Unpaid internships: my opinion

The more news there has been about this, the more it’s on my mind. Here’s what my mind is saying:

Unpaid internships are exploitative, but “exploitative” is almost a euphemism. What we’re talking about here is serf labor, and offering such labor to people who, in a serious recession, are desperate to work is unethical, inhumane corporate sociopathy. (Yes, I know: that’s reiterative.)

Any profit-making company should and must pay all their employees, no matter what the job title or the term of the job. Internship, summer employment, doesn’t matter. You hire them, you pay them. That’s it.

The only employer who might be able to justify not paying employees is a poor non-profit. But I am reluctant to let non-profits off the hook. Non-profits should be paying at least the minimum wage. If they can’t, call free workers what they are: volunteers.

I’m thinking there should be a law governing this nonsense. If a company wants to offer low-pay or no-pay internships, it should have to file its previous year’s taxes with the Department of Labor as proof that it doesn’t bring in enough money to pay real wages to interns.

But if, as in the notable case of Fox Searchlight Pictures, it makes a large profit, it must pay all its workers, even its interns.

Otherwise, what are companies offering to interns? A recommendation letter? A line on their résumés? “Education?”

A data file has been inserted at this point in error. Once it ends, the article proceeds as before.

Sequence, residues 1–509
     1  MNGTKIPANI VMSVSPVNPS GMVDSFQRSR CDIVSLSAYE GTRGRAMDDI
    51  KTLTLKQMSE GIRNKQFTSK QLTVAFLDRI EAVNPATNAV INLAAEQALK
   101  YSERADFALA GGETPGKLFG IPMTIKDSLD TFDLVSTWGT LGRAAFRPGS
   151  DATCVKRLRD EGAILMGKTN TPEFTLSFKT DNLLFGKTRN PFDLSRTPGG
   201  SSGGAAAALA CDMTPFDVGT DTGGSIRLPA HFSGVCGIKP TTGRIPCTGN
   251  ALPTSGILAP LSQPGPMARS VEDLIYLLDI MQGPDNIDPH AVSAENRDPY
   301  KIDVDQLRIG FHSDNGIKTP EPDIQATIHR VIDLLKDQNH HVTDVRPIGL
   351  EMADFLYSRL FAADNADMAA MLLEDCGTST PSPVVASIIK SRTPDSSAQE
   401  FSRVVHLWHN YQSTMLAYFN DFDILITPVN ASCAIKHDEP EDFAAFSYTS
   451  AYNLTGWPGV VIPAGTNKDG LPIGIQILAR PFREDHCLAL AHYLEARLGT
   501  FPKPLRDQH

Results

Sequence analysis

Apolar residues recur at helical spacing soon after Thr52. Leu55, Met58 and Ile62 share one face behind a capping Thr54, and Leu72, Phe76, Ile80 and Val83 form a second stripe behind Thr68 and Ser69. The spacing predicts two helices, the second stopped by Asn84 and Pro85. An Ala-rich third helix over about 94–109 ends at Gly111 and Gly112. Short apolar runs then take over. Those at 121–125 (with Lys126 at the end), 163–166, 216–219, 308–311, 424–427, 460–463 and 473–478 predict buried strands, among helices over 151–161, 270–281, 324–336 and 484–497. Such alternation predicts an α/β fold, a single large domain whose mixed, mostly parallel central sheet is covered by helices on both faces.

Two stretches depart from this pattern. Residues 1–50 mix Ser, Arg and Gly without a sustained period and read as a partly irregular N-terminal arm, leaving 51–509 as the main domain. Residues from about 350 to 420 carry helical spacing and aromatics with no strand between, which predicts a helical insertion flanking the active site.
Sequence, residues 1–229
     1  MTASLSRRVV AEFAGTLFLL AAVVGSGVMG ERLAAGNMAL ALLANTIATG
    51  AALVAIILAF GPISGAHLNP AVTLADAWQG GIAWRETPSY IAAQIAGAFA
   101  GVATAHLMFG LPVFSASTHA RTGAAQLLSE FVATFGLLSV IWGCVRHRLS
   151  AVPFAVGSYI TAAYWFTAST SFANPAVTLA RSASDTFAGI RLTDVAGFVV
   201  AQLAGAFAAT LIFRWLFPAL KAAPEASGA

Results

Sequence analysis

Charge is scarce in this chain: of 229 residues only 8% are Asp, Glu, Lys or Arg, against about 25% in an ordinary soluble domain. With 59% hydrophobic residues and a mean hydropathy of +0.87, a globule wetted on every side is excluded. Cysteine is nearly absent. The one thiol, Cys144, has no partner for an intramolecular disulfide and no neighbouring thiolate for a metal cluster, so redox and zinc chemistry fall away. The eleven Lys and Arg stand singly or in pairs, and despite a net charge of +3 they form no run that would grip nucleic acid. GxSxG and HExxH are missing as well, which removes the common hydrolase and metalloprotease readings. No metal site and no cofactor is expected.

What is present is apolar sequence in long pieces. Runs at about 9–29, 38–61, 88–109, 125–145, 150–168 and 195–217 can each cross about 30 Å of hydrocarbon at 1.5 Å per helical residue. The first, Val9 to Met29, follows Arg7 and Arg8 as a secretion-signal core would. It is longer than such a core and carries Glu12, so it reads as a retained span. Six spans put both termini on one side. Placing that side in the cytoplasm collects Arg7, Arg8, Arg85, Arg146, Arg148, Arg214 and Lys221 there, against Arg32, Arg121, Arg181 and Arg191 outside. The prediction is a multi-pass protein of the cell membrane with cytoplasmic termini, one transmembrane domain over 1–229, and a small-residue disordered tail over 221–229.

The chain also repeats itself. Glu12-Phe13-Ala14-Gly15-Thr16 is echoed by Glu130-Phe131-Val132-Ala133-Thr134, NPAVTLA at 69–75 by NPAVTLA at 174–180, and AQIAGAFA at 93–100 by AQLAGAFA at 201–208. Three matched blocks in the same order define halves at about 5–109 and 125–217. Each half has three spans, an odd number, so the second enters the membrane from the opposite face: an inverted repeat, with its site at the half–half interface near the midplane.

Gee, thanks.

P.S. Boy, I must be really furious at that rotten Second Circuit panel decision. A few paragraphs from the Times’s article about it:

Writing for a three-judge panel of the United States Court of Appeals for the Second Circuit, Judge John M. Walker Jr. held that the Labor Department’s criteria were both out of date and not binding on federal courts.

He argued that the proper way to determine workers’ status was to apply a “primary beneficiary test” — a concept proposed by Fox [*] in which the worker can be considered an employee only if the employer benefits more from the relationship than the intern.

Judge Walker wrote that he and his fellow judges on the panel “agree with defendants [*] that the proper question is whether the intern or the employer is the primary beneficiary of the relationship.”

Years ago, a lawyer friend told me that Judge Walker’s last name indicates a family relationship to George Hubert Walker Bush. If I remember correctly, Judge Walker is Bush’s cousin.

* Along with Fox News, Fox Searchlight Pictures is part of Rupert Murdoch’s empire. What kind of  useful “education” could a Rupert Murdoch company be offering to anyone? Judge Walker has demonstrated what side of the political divide he sits on.

 

 

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